Chinese people ought to open their hearts to foreigners

By Eka Valyavskaya Source:Global Times Published: 2018/5/31 18:38:40

Let us talk about friendship. How many friends do you have? And if you are Chinese, how many of your friends are foreigners? I am assuming the proportion would run to just a few.

After four years as an expat in China, I only have a few Chinese friends. But I wonder why. I am not an introvert. I have dozens of international friends. I am a very friendly, open-minded and easy-going person, but it did not help me to find more Chinese friends.

As I have learned from my observations, Chinese people are, generally, better at making friends than Westerners. While Western people become friends with people just as fast as they unfriend them, Chinese people take their time before letting someone get close to them.

But when they finally do, they take the friendship very seriously. Chinese friends certainly will always be there for their friends, willing to help each other out anytime, anywhere, with anything.

The importance of friendship in China is evident even from a linguistic point of view. For example, tongxue, which means "classmate" in English, is not just a person from school. For Chinese people, classmates are so much more. They are your second family, equal to siblings.

Chinese classmates will share happy times together as well as support each other when one of them is frustrated or absolutely helpless. I really like this attitude. Actually, I had the same relationship with my classmates back in Russia, my home country. But for some reason, my Chinese classmates are different.

When I first came to China to study, I was excited to find Chinese students in my group. They were nice and kind and also curious about having a foreign "tongxue." They looked at me shyly and listened carefully and politely when I was trying to speak Putonghua.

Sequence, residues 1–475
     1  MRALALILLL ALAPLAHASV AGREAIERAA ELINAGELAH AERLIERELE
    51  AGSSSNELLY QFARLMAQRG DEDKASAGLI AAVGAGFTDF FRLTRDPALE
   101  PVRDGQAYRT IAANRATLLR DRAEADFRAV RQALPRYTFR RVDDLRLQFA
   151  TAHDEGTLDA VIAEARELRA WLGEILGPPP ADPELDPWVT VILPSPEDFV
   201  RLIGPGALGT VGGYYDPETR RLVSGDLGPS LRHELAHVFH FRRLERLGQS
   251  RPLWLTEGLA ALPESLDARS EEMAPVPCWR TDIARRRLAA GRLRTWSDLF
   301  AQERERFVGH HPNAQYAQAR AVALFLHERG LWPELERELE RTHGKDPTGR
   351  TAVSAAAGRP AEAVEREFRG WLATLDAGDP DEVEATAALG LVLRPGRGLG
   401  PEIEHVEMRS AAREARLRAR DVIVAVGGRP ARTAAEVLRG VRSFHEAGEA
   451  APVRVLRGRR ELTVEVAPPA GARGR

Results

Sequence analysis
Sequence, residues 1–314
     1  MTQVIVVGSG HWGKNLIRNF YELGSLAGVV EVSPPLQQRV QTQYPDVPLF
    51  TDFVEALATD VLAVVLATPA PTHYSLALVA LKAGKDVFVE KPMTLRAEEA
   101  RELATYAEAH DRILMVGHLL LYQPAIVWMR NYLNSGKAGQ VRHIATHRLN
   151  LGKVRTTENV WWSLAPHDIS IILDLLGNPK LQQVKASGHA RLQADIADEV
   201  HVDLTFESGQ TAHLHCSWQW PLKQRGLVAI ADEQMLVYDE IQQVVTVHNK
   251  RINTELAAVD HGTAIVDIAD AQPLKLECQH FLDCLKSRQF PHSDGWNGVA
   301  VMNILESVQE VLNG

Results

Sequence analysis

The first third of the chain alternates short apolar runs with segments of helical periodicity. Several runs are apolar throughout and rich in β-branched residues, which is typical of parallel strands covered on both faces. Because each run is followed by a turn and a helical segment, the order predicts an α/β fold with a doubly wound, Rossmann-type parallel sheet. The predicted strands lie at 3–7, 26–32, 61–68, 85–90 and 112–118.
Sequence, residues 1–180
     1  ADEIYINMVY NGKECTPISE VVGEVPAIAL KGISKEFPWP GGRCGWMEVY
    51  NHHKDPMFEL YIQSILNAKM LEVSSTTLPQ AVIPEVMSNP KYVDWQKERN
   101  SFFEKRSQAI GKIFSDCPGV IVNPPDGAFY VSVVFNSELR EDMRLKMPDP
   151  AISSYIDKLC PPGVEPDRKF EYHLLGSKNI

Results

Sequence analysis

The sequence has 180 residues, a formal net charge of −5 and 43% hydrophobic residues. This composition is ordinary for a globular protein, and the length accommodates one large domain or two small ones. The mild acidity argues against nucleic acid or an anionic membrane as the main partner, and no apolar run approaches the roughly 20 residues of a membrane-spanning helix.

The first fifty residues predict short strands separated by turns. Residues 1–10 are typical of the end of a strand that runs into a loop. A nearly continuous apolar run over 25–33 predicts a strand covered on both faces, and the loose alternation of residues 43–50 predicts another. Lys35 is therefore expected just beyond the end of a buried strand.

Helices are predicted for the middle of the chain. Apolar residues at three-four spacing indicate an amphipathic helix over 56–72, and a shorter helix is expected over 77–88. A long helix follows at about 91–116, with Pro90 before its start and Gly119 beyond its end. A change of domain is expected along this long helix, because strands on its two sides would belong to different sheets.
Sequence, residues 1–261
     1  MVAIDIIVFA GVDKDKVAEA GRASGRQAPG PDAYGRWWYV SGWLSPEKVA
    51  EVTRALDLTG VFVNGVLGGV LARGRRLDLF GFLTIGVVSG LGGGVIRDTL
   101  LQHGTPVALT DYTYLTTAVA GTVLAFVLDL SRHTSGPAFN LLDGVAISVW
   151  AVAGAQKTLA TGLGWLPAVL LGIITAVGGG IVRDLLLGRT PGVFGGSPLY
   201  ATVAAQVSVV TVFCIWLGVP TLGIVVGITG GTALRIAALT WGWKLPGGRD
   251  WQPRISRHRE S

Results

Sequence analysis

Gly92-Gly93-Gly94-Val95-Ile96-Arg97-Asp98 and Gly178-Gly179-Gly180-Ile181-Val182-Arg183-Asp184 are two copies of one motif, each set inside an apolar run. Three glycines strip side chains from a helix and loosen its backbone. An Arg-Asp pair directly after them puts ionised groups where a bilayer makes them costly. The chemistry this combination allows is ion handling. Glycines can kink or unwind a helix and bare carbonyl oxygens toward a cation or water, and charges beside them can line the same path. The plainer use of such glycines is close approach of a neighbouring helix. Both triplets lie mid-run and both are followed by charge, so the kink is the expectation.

But unfortunately, they never took me really seriously when it came to developing friendships. I could feel their apprehension as well as a bit of arrogance in their attitude.

There were only two foreigners in my group, me and another Russian girl. She had a lovely personality as well as an excellent command of Putonghua. But when I ask her if she had any Chinese friends, she explained that she had the same problem as me. "I have been in China for eight years, but most of my friends are not Chinese," she replied with a sigh. 

One of the reasons why Chinese do not often make friends with foreigners is, of course, the language barrier. It definitely makes communication weird and challenging. But the problem runs deeper than that.

The truth is that foreigners in general do not have a good reputation among the Chinese. Some Chinese think Western women are too fancy and unreachable while Western men are perceived as arrogant and exploitative. But this is a misconception and a generalization.

Yes, some Western women, especially those who follow their husbands to China on corporate expat packages, are aloof. And yes, many Western men in China tend to take advantage of local girls. But most of us are ordinary, nice people with same emotions, problems and dreams that Chinese people have.

The fact is that a large number of expats in China are quite keen on breaking out of their respective foreign communities to make friends with the Chinese and integrate into local society and culture. Chinese people, therefore, need to open their hearts and minds to foreigners beyond using them for language lessons or showing off at social events.

Eventually, one person at a time, the cultural gap between China and the West will no longer exist.

The opinions expressed in this article are the author's own and do not necessarily reflect the views of the Global Times.

Illustration:Lu Ting/GT


Posted in: TWOCENTS

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